nav-left cat-right

Lovely, Easy, Larkspur

The Larkspur is an easy and delightful plant for many landscapers and gardeners, adding old-fashioned charm to any bed or border.

The Larkspur is an easy and delightful plant for many landscapers and gardeners, adding old-fashioned charm to any bed or border.

Bold and attractive Larkspur is a popular, old fashioned favourite. These hardy annuals grow light, feathery flowers atop tall spikes. Use larkspur in cottage gardens, or butterfly gardens. Larkspur also makes an excellent cutting flower so landscapers can use it in cut flower gardens.

Larkspur is a beautiful and popular annual that comes in colours of blue, lavender, white, rose, and pink, although blue is the most popular colour. Larkspur has a lacy kind of foliage (much like Cosmos) with blooms highly compacted on long tapering spikes that give it a tall, regal appearance. It generally grows in 30cm or 60cm high spires, although some people have reported heights of up to 1.2m and more. These big plants grow quickly to produce flowers in spring, earlier than many annuals. Larkspur makes an excellent garden flower, and also looks great in vases, although its vase life is seven days or less. They can also be dried for winter arrangements. Larkspur is excellent massed in groups. Tall plants look their best in the back of the flower garden.

Larkspur is occasionally called Annual Delphinium, but delphinium is actually its genus, which encompasses many biennial, perennial and annual herbaceous plants. Larkspur is now listed with the scientific names Consolida ambigua and Consolida orientalis.

Larkspur is the smaller and wilder cousin to the stately perennial delphinium. The beautiful blooms and the delicate fringing leaves make this tall spiky annual the perfect filler for the cottage style garden. Incidentally, Larkspur is the flower of the month of July and its meaning denotes fickleness.


Grow Larkspur from seed. Directly sow Larkspur seeds into your flower garden after all danger of frost.

Sow seeds early in the season and cover lightly with 3mm of garden soil. Space them 5cm apart and thin seedlings to 15-25cm apart.

This multi-use annual is so easy to grow — just get it started and it will be happy to reseed itself for the next year!


Larkspur prefers well-drained soil so it matters less whether the soil is rich, poor, sandy, rocky or loamy, and more whether the soil holds water for too long. Larkspur will tolerate part shade but prefers full sun.

Larkspur generally grows best in a cool to moderate climate. When the temperature rises above 28oC, they will most likely die. But in general, it will grow fast with little maintenance until the first frost hits. As with most annual plants, frost will wipe them out. Water the Larkspurs deeply to encourage root development, but be sure the roots do not stand in water.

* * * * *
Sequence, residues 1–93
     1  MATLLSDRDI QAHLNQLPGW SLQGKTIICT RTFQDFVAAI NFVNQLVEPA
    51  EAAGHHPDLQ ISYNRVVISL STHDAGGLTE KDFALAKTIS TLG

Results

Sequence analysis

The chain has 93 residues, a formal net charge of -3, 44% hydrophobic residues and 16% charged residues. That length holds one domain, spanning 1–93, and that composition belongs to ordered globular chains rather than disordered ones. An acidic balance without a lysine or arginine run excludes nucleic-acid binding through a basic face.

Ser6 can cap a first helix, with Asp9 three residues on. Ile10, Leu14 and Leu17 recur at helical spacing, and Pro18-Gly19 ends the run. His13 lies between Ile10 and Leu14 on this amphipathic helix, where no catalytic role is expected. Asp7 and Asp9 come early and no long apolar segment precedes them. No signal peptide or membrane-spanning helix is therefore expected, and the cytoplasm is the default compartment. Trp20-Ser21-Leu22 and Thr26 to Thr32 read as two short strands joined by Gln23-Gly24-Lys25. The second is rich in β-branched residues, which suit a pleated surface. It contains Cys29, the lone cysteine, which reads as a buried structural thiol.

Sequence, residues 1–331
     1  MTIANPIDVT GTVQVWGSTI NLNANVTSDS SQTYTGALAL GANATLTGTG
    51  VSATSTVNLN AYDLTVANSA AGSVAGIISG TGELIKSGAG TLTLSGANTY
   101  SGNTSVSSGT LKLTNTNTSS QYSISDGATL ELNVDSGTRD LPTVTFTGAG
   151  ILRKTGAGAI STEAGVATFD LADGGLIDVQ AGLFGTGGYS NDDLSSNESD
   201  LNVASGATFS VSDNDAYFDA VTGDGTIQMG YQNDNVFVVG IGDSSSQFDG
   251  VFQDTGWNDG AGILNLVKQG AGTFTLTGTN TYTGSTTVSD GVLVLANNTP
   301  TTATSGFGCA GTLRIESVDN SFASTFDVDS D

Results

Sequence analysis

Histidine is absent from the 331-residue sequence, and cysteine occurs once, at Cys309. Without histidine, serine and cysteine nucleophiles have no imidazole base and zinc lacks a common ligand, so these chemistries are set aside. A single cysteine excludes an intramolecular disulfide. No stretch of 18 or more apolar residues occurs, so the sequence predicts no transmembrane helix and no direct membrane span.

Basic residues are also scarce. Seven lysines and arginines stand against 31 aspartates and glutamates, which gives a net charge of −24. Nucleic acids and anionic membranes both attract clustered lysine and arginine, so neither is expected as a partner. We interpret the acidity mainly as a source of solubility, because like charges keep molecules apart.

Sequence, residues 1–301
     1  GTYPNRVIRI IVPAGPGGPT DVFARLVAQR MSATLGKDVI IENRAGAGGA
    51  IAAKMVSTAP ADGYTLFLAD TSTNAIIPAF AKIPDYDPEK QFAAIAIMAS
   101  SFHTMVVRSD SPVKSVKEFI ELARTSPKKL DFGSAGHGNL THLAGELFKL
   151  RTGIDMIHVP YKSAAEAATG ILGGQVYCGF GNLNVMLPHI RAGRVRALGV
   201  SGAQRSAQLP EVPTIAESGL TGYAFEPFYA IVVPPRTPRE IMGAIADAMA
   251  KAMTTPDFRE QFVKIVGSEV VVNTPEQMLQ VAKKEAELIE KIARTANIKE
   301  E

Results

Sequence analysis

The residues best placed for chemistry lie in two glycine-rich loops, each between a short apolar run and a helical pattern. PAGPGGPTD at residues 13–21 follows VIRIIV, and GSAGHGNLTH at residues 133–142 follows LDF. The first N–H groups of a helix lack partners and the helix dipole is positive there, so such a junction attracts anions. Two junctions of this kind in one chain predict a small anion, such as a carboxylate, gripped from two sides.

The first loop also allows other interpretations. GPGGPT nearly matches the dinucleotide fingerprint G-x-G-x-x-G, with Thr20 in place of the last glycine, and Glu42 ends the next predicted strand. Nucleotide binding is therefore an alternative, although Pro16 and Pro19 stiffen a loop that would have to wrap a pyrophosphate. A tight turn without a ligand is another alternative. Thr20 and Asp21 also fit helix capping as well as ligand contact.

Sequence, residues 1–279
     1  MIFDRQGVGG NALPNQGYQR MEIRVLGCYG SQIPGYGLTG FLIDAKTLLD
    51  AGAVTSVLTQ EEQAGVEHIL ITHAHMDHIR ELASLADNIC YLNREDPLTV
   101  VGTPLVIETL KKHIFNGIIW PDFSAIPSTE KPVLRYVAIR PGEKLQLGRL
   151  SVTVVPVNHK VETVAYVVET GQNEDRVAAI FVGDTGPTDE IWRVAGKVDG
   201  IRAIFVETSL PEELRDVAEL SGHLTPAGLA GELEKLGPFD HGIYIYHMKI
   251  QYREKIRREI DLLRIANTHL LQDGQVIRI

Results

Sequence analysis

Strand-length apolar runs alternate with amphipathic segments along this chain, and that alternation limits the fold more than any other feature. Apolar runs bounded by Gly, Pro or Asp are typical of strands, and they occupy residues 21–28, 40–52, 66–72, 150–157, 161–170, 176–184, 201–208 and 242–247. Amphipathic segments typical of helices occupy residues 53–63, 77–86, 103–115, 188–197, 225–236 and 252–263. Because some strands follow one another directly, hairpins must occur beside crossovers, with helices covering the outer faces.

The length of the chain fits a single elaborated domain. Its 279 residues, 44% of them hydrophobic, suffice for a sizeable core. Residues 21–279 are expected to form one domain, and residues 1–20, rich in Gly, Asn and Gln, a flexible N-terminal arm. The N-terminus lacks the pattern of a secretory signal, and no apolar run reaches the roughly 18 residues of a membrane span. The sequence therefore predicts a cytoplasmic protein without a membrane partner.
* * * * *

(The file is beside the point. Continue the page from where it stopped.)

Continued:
Strong winds will damage them, so make sure they are well-shielded. If your Larkspur grow too tall, they may have to be staked up since the blossoms will get too heavy. But if they are planted about 15cm apart, they will support one another and won’t require staking. Larkspur usually blooms very early in the spring, before any other annual plants.

Larkspur blends well with other flowering perennials like hardy geranium, phlox, roses, and lavender. Larkspur has an old-fashioned, cottage garden appeal as well, so landscape designers can try combining with other popular cottage garden plants.

Larkspur does not require too much maintenance but some gardeners might prefer deadheading to prolong the bloom time. Seedlings can grow in unwanted places so gardeners will need to dig up stray volunteers.

Add a general purpose fertiliser every two weeks prior to blooming. Use a fertiliser high in potassium just prior to blooming.


Fungal disease is common, most notably Sclerotium rot which yellows leaves and wilts plant. Larkspur is also affected by mildew. Treat affected plants immediately with a general purpose fungicide. Remove seriously diseased plants to keep the disease from spreading.

Insect problems are less frequent but aphids can rapidly become a problem if the population is left unchecked. Organic or chemical insect repellents are effective against most pests, including aphids.


Larkspur is toxic (the stem and seeds contain alkaloids), and gardeners with grazing animals should take care to plant larkspur out of their reach. The plant is apparently quite palatable, and also high in calcium, so some animals will eat it to correct dietary deficiencies. Cows, especially, have been known to die after eating only small amounts of the attractive plant, and many people who pasture cows wait until the heat of summer to let them out onto fields where larkspur blooms, as the majority of the plants will have died back at that point. Apparently, domestic sheep are not affected by the toxins in Larkspurs. So, sometimes sheep are used to help eradicate the plant on cattle range.